China’s benchmark stock index fell, capping a fourth month of losses, after declining earnings at companies from Citic Securities Co. to Sany Heavy Industry Co. showed the impact of the nation’s economic slowdown.
Citic Securities, the nation’s biggest listed brokerage, dropped 1.2 percent and Sany Heavy sank to its lowest level since October 2010. Industrial & Commercial Bank of China Ltd., the nation’s biggest lender, slipped 0.8 percent after earnings growth slowed. Qingdao Haier Co., the largest refrigerator maker, climbed 3.9 percent after first-half profit rose.
“Corporate earnings aren’t likely to have a big rebound in the second half of the year given the sluggish economy,” said Wang Zheng, Shanghai-based chief investment officer at Jingxi Investment Management Co., which manages about $120 million. “The government may step in to boost confidence in the market through measures such as encouraging share buybacks.”
The Shanghai Composite Index fell 0.3 percent to 2,047.52 at the close, the lowest level since February 2009. The CSI 300 Index slipped 0.3 percent to 2,204.87. The Hang Seng China Enterprises Index of Chinese companies traded in Hong Kong retreated 0.4 percent. The Bloomberg China-US 55 Index, the measure of the most-traded U.S.-listed Chinese companies, slid 0.9 percent in New York yesterday.
Signs that China’s economic slowdown is deepening dragged the Shanghai Composite down 2.7 percent in August, a fourth straight month of declines. That’s the longest streak since August 2004, according to data compiled by Bloomberg.
Macquarie Group Ltd. lowered China equities to neutral from overweight, citing the deteriorating outlook for banks amid a “disturbingly” widespread weakness in the economy, according to a note dated yesterday.
The Shanghai gauge has tumbled 8 percent this quarter, the worst performer after Cyprus among 93 global stock benchmark index tracked by Bloomberg, and has lost 6.9 percent for the year. The measure trades at 9.3 times estimated earnings, the lowest level since January, according to weekly data compiled by Bloomberg.
Citic Securities fell 1.2 percent to 10.22 yuan after saying net income dropped 24 percent from a year earlier in the first six months. Sany Heavy, the biggest machinery maker, slid 4 percent to 9.87 yuan after it said first-half profit fell 13 percent.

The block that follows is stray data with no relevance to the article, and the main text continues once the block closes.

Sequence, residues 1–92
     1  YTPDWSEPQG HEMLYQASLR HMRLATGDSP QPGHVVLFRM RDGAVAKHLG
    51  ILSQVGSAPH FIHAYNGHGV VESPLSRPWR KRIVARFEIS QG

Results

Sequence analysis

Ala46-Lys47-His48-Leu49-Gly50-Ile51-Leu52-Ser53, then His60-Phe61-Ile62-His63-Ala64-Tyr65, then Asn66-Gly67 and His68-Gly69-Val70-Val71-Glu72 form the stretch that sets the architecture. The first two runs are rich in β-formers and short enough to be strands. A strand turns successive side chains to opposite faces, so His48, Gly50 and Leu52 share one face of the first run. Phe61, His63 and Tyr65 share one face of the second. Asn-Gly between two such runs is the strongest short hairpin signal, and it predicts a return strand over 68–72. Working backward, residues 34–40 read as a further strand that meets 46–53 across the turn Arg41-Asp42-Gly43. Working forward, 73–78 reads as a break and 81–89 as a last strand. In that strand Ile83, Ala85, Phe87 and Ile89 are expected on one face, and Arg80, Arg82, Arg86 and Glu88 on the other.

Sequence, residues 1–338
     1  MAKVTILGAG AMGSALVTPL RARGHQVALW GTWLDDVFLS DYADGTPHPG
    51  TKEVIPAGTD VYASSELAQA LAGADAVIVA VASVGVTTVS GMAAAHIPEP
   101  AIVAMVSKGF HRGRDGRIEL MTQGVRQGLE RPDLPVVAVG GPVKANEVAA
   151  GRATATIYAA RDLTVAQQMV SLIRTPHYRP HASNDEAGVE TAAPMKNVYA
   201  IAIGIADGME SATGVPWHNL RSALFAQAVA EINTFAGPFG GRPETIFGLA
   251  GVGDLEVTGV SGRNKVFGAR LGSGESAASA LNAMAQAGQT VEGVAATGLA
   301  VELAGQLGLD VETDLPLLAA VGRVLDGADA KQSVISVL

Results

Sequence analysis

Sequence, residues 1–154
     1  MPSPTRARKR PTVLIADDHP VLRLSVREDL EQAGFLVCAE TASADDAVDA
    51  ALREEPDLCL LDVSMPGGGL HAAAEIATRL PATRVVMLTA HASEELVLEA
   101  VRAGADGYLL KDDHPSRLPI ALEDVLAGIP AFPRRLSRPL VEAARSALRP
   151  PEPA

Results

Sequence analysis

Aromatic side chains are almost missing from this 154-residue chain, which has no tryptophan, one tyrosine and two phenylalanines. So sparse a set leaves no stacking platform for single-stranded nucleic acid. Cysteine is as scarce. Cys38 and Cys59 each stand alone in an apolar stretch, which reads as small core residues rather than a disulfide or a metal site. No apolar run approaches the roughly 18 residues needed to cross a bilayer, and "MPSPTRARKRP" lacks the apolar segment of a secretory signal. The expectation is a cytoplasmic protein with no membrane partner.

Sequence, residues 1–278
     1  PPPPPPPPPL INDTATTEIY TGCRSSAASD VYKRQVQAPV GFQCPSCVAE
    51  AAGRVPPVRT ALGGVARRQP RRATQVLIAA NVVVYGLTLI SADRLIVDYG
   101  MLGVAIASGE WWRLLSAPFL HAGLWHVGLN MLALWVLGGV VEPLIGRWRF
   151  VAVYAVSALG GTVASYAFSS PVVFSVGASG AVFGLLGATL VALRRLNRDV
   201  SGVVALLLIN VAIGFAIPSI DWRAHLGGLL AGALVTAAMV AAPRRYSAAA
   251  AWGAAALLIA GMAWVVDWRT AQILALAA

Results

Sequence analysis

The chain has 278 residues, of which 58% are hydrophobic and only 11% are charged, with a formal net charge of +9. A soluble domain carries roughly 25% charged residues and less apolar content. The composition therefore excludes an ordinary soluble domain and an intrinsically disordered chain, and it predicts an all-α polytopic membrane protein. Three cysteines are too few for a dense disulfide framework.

ICBC dropped 0.8 percent to 3.82 yuan. Net income climbed 11 percent in the second quarter to 61.8 billion yuan ($9.73 billion), according to first-half figures reported yesterday by the Beijing-based bank. Combined earnings of China’s five biggest lenders increased 13 percent to 203.6 billion yuan in the quarter, slowing from 33 percent a year earlier.
Central Huijin Investment Ltd., a unit of China’s sovereign wealth fund, bought more yuan-denominated A shares of the nation’s four largest banks including ICBC in the second quarter, the Shanghai Securities News reported today, citing lenders’ interim reports.
China’s 2,453 publicly traded companies’ combined first-half net income dropped 0.38 percent from a year earlier to 1.01 trillion yuan, the China Securities Journal reported today, citing the newspaper’s own statistics. First-half average earnings per share fell 28 percent and combined inventory rose 17 percent, it said.
Listed companies finish releasing first-half earnings reports today. Fifty-eight percent of companies in the Shanghai Composite missed analysts’ estimates for second-quarter profit, while 41 percent beat projections, according to data on 242 earnings reports compiled by Bloomberg.
Qingdao Haier advanced 3.9 percent to 10.45 yuan. The appliance maker said first-half profit rose 21 percent from a year earlier.
“Company earnings are not coming in great and they are somewhat disappointing,” Arjun Jayaraman, who manages $400 million in emerging-market equities at Causeway Capital Management, said in a phone interview from Los Angeles yesterday. “That shows the impact of China’s slowdown. It will take longer for corporate earnings to recover than it takes the economy to rebound.”
The National Bureau of Statistics and China Federation of Logistics and Purchasing are due to release a manufacturing index for this month tomorrow. The Purchasing Managers’ Index may fall to 50 from 50.1 in July, according to the median estimate of 24 economists by Bloomberg. Fifty marks the dividing line between expansion and contraction.
Thirty-day volatility in the Shanghai Composite was at 11.7 today, compared with this year’s average of 17.1. About 4.6 billion shares changed hands in the gauge today, 41 percent lower than the daily average this year.
The iShares FTSE China 25 Index Fund, the biggest Chinese exchange-traded fund in the U.S., slid 1.6 percent to a one-month low of $32.95 yesterday.